Experience the colours and crafts of India and abroad A riot of colours splashed the 30th Surajkund International Crafts Mela

Chandigarh 12th February, 2016 Experience the colours and crafts of India and abroad A riot of colours splashed the 30th Surajkund International Crafts Mela atFaridabad on the occasion of Basant Panchami that saw a host of activitiesbeing organised throughout the day. Visitat Surajkund! ors clad in shades of yellow gatheredin large numbers to relish the bewitching charm and the crowd swelled withevery passing minute. School students enjoyed flying kites at Natyashala, acynosure for the visitors who witnessed the spectacular grandeur at the Mela.The day started with Saraswati Vandana at the Chaupal by eight girlstudents from Government Model Senior Secondary School, Faridabadfollowed by a medley of vibrant folk dances. In the afternoon, the best dressedcompetition for different age groups was also organised.The Mela epitomizes all that one could fantasize for an ideal retreat for along weekend. Modern art marvels Modern art from Seychelles has come to the Surajkund International CraftsMela at stall no 780. Robert Alexis, an artist and sculptor, manning the stall,says, “Modern paintings are popular because of their thought-provokingnature. In fact, many people value modern paintings according to how wellthey can spark a conversation with house guests or office clients. Thesepaintings can open one’s mind to a new perspective of the world, while othersstir the emotions, while others simply set a tone for a room.” He uses brightcoloured acrylics in his paintings, which blend the colours in various shapes andlines. These paintings can be appreciated for their beauty and have been pricedvery economically at Rs 4000 each. “Though my paintings sell for over $1000 but I have priced them at veryreasonable rates at the Surajkund International Crafts Mela, which has offereda great platform for international cultural exchange,” adds Alexis.Vibrant creations wow visitors The Warli art at Stall no 590 has artists from Faridabad, Haryana practisingthis art in Madhubani style. Artisan Vickey at this stall is all in smiles, “We havegot a great response for our collection of vases, pots and lamp shades indifferent sizes painted in colours of red, black and greens.” These are pricedfrom Rs 250 onwards.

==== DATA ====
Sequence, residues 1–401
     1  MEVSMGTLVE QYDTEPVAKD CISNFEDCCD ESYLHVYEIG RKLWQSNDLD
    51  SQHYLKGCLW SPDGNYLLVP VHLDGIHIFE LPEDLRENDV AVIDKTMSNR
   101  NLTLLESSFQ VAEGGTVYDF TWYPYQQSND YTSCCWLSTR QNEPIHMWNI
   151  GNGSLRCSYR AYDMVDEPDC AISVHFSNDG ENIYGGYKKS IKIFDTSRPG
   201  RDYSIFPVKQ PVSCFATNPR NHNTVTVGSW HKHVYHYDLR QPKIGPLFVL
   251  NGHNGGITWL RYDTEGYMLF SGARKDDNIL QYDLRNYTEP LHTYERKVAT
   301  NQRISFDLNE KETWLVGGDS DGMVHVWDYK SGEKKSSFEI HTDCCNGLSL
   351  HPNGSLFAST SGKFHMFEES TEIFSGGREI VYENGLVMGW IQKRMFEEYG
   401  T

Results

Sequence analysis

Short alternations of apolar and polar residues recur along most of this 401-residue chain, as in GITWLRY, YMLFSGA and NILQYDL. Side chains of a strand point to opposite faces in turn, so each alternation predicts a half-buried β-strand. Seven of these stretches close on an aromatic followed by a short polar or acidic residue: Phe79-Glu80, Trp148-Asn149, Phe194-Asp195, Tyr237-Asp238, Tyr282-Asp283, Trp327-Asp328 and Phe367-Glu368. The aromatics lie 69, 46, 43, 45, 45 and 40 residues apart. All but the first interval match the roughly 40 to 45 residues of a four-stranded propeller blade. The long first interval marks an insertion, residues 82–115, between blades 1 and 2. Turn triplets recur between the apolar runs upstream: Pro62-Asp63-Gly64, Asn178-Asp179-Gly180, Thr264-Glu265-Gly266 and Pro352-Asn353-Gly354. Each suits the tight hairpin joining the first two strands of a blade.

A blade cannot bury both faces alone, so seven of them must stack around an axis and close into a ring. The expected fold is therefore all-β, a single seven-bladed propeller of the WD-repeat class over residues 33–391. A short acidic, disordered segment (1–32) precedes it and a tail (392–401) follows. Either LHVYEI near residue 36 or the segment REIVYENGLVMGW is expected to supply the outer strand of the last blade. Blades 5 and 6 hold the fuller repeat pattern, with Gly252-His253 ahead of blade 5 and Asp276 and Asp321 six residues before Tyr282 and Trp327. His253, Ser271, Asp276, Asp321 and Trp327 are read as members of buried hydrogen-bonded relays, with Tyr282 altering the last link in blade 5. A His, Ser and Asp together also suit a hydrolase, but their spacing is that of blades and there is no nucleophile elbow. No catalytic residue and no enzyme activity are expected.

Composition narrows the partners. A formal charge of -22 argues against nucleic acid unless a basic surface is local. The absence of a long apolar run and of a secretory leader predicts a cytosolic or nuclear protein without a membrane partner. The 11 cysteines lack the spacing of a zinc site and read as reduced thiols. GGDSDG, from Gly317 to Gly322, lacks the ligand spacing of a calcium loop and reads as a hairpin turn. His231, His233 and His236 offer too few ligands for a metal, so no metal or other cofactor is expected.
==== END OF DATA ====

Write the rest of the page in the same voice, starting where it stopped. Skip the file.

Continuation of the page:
They have also brought sleek wooden stands for the small size Warli potsto be displayed upon, which are priced from Rs 900 onwards. Each creationtakes from two hours to one day to be completed depending upon its size andintricacy of design, adds Vickey. Exquisite crafts Bidriware art from Karnataka at Stall no. 591 has beautiful range of decoritems like miniature hookahs, vases, bowls, ornament boxes, elephants, horsesand deers. Salim, the craftsperson, handling the stall, tells, “Bidriware workoriginates from the township of Bidar. The metal used is a blackened alloy ofzinc and copper inlaid with thin sheets of pure silver. Each piece involves anelaborate process of manufacturing, design originality and fine craftsmanship.At present, only silver is used to make the craft more vibrant.” His Bidriwarepieces are priced from Rs 400 onwards. Salim is happy with the sales of his product at the Mela, he adds, “ThisMela helps me bag bulk orders from export houses and offers an idealopportunity to connect with patrons of art.” Baskets with difference Cane fibre baskets displayed at Stall no. 612 attract the eye of everypasserby. Craftsperson Angam from Manipur has brought an interestedcollection of baskets in shape of carry bags, serving bowls and sling bags instriking colour of pink, purple, green and blue. He tells, “These are made fromspecial cane and the real skill lies in the art of weaving these baskets in differentdesigns and shapes.” Visitors are not only appreciating his work but are buying these baskets fortheir style, utiltity and sturdiness. Adds Angam, “These baskets are weaved byour families and we price them economically so that this craft sustains for times to come.